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Do Plants Need Light?

Author(s): Nancy Moreno, PhD, and Barbara Tharp, MS.


  • Have students rinse away the soil and compare the final masses (in grams) of the plants in pots 1–2 vs. those in pots 3–4.
  • As an alternative investigation, conduct the same activity with corn seeds (a monocot), and compare the results.
  • Help students to “see” chlorophyll, the pigments essential for converting light energy into chemical energy (food molecules), by placing a handful of crushed fresh leaves (any kind) into a clear container filled with about 2 cm of rubbing alcohol. Stir the mixture briefly and insert the tip of a strip of coffee filter paper into the alcohol. The chlorophyll pigments will travel up the paper strip and form a green band that will be visible after about 1/2 hour. This method of separating chemicals in solution is known as paper chromatography.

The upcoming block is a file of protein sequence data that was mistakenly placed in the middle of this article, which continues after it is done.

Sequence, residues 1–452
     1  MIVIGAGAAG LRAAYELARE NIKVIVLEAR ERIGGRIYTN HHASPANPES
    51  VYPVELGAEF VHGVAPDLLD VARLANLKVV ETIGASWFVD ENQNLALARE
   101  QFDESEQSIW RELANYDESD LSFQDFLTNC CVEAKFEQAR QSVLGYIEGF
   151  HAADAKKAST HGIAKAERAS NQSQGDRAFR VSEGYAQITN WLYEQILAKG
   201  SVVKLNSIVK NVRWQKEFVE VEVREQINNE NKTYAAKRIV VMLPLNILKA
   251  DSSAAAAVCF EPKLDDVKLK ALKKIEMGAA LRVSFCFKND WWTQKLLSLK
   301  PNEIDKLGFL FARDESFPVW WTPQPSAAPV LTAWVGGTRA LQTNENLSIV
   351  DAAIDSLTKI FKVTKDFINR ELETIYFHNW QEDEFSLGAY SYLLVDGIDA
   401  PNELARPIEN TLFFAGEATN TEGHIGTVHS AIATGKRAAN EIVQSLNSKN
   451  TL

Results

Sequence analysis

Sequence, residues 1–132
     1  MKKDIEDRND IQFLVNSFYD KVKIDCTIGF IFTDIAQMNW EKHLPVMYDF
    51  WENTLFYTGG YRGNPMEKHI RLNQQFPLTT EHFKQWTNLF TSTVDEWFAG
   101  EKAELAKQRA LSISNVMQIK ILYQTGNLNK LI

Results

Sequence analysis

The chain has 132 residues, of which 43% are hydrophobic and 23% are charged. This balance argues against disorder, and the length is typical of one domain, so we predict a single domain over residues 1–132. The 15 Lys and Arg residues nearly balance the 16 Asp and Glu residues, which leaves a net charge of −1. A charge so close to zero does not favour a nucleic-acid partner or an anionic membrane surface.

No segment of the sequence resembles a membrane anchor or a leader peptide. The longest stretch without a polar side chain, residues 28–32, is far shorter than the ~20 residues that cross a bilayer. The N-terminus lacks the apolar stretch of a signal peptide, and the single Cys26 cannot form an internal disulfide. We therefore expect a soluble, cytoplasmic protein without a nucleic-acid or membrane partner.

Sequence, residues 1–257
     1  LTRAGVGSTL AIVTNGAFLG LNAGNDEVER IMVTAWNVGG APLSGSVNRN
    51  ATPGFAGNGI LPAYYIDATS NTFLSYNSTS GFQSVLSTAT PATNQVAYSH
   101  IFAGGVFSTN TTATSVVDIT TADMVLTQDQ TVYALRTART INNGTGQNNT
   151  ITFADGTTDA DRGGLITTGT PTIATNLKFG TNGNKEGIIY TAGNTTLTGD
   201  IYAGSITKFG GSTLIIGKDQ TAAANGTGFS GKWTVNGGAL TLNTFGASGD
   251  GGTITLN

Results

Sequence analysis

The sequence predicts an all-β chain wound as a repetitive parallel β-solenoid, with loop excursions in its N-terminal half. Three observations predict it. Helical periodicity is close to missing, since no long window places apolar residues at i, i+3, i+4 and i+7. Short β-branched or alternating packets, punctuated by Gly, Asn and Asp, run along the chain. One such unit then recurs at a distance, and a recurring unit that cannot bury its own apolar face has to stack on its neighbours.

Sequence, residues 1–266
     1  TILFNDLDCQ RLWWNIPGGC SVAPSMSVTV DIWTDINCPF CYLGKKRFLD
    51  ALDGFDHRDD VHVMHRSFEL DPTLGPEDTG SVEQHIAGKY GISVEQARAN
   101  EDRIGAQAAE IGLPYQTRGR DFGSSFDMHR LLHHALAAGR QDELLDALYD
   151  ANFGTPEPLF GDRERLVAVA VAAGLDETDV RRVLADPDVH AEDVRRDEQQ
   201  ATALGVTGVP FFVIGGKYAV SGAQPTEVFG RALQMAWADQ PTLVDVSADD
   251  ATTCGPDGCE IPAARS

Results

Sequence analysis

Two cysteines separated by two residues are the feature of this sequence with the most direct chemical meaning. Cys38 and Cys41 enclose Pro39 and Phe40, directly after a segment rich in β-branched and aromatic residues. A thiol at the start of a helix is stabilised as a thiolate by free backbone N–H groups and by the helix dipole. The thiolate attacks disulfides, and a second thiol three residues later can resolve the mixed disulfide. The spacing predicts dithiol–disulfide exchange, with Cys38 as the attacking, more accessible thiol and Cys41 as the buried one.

Funded by the following grant(s)

National Institute of Environmental Health Sciences, NIH

National Institute of Environmental Health Sciences, NIH

My Health My World: National Dissemination
Grant Number: 5R25ES009259
The Environment as a Context for Opportunities in Schools
Grant Number: 5R25ES010698, R25ES06932